7. Those Chinese folks are always doing odd and sometimes misunderstood things.

    • They probably say the same about us

  8. Reading The Cricket in Times Square to my children is a favorite memory.

    • Mine is reading them Jabberwocky

  9. Crikey!

    • you sound just like an Aussie!!

  10. Wow – to have so much money and free time to indulge in cricket collecting and fighting. Just like those loons who collect stamps.
    Oh, and my husky collection agrees with my, just so you know. 😉

    • I would be concerned if you and your huskies disagreed

      • Most of them agree with me most of the time. We have had some spirited disagreements. Trust me, a pissed-off Husky can REALLY carry a grudge! 😀

  11. We had gilded cricket boxes at school for the lads who kept rubbing their hind legs together.

  12. Does anyone get to shout Owzat! during these tournaments

    • Doubtful. It is China after all….

  13. I wonder how they got from “gee, these guys make beautiful sounds” to “hey! we should make them fight each other”.

    • a few hundred years smoking opium may have had something to do with it

      • I doubt an opium smoker could care less about crickets or much else for that matter. Very peaceable those opium smokers.

      • I think they started to produce opium on a wide scale only in the 19th century, ti become independent from the forced British imports. As I read somewhere they used poppy flowers for health, as medicine and maybe as anaesthetic, and the cultivation started in the 12th century, in the late Sung periode. Would be interesting to know whether they already used tabacco at tthis time.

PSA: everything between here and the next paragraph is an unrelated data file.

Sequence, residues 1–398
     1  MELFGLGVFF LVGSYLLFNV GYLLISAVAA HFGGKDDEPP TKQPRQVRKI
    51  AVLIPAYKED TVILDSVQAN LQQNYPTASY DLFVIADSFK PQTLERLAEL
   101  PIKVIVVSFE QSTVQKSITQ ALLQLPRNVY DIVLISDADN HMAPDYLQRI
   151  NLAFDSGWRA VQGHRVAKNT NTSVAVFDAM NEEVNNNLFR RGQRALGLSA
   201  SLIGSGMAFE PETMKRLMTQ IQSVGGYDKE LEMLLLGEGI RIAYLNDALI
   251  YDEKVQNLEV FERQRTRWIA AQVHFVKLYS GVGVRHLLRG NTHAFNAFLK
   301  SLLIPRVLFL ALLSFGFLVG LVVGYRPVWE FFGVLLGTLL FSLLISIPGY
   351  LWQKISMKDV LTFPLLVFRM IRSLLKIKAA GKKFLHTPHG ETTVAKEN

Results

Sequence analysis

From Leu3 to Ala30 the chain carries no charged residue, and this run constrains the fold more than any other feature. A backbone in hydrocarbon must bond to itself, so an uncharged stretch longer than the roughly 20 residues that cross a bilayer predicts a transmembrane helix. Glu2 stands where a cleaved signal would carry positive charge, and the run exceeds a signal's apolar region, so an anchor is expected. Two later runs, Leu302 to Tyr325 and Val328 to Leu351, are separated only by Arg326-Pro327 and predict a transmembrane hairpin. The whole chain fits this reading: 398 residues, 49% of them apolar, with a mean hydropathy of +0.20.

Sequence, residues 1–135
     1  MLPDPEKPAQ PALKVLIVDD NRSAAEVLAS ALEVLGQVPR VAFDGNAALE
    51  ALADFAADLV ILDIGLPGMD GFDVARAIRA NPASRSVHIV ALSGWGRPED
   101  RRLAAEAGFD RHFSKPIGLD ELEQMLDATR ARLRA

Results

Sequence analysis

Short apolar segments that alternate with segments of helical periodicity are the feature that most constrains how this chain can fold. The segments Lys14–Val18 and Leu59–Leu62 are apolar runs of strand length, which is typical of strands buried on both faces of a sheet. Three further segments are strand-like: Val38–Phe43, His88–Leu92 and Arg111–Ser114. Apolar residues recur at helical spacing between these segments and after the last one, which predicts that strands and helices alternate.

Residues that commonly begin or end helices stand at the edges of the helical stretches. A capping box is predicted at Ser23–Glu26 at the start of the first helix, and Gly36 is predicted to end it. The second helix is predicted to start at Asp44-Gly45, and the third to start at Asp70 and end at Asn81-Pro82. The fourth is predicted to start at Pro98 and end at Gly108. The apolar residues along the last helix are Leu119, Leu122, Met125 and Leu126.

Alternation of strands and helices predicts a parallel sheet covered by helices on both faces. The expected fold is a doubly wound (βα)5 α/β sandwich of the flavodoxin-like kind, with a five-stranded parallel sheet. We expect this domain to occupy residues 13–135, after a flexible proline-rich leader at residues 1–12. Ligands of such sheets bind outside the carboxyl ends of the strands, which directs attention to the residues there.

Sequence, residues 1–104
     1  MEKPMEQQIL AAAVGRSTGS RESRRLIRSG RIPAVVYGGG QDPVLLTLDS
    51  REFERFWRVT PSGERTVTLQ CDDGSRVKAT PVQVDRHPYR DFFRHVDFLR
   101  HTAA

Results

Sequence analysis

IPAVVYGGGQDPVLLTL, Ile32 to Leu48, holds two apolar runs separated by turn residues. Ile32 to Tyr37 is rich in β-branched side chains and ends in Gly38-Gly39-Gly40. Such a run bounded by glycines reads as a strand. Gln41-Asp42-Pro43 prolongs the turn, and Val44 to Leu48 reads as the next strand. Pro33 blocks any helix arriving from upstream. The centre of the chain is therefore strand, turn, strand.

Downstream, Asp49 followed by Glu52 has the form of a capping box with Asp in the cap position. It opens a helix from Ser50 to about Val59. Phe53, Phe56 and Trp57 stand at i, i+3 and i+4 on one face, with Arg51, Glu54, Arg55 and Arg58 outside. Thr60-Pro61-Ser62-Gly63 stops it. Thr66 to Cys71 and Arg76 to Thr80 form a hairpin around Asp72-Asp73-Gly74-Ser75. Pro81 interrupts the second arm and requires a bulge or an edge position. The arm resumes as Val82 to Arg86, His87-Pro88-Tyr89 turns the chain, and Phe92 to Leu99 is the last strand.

14. By Jiminy you come up with some interesting posts!

    The King

    • I prefer his Italian name…. “Il Grillo Parlante”

  15. Cricket Wrangler. i’m adding that to my ‘potential future jobs’ list. When they fail to perform, i can feed them to snakes…

  16. “carefully weighed on a pair of wee scales at the opening of each contest”

    I’ve never heard of wee scales before! Isn’t wee usually measured in a jug or something?

  17. This post reminds me of a Fast Show sketch…

    • Carl Hooper sounds more South African than Australian 😉

  18. Is it sad that I read this whole post while thinking “crickets in cages – just like in Mulan!” – yes?

    • we all have our cultural references…..

  19. The ancient Chinese must have really good eyesight. Since all of my Chinese friends wear glasses, I’m thinking those good ol’ days have gone. Maybe that’s why cricket fighting went out of vogue!

  20. White blood cells fighting alien microbes will be next

  21. Now I wonder if they had an annual Cricket Day?

  22. Amazing! When they laid out their crickets on the table, how do they avoid getting them mixed up? They all look the same.

  23. We have a local variant – maggot racing. There’s a contest each year in the pub and the winner receives a trophy. Not sure what post-race retirement is planned for the winning maggot but I doubt whether it’s quite as luxurious as that accorded the mellifluous crickets.

  24. I thought cricket boxes were something else entirely…

  25. um. we certainly get cicaidas in Illinois and they suck.

    um, those guys at the top look like my uncle. he may or may not have started Hells Angels in my hometown. He may or may not have tattoos from his neck to his feet.

    Just sayin.

    • Blunt- Do you mind if I ask where in Illinois? I’m a former Chicagoan, late of the suburbs just west of O’Hare. I’m just curious, feel free to refuse me. 🙂

  26. I never boast of my grinding powers. Because I’m modest.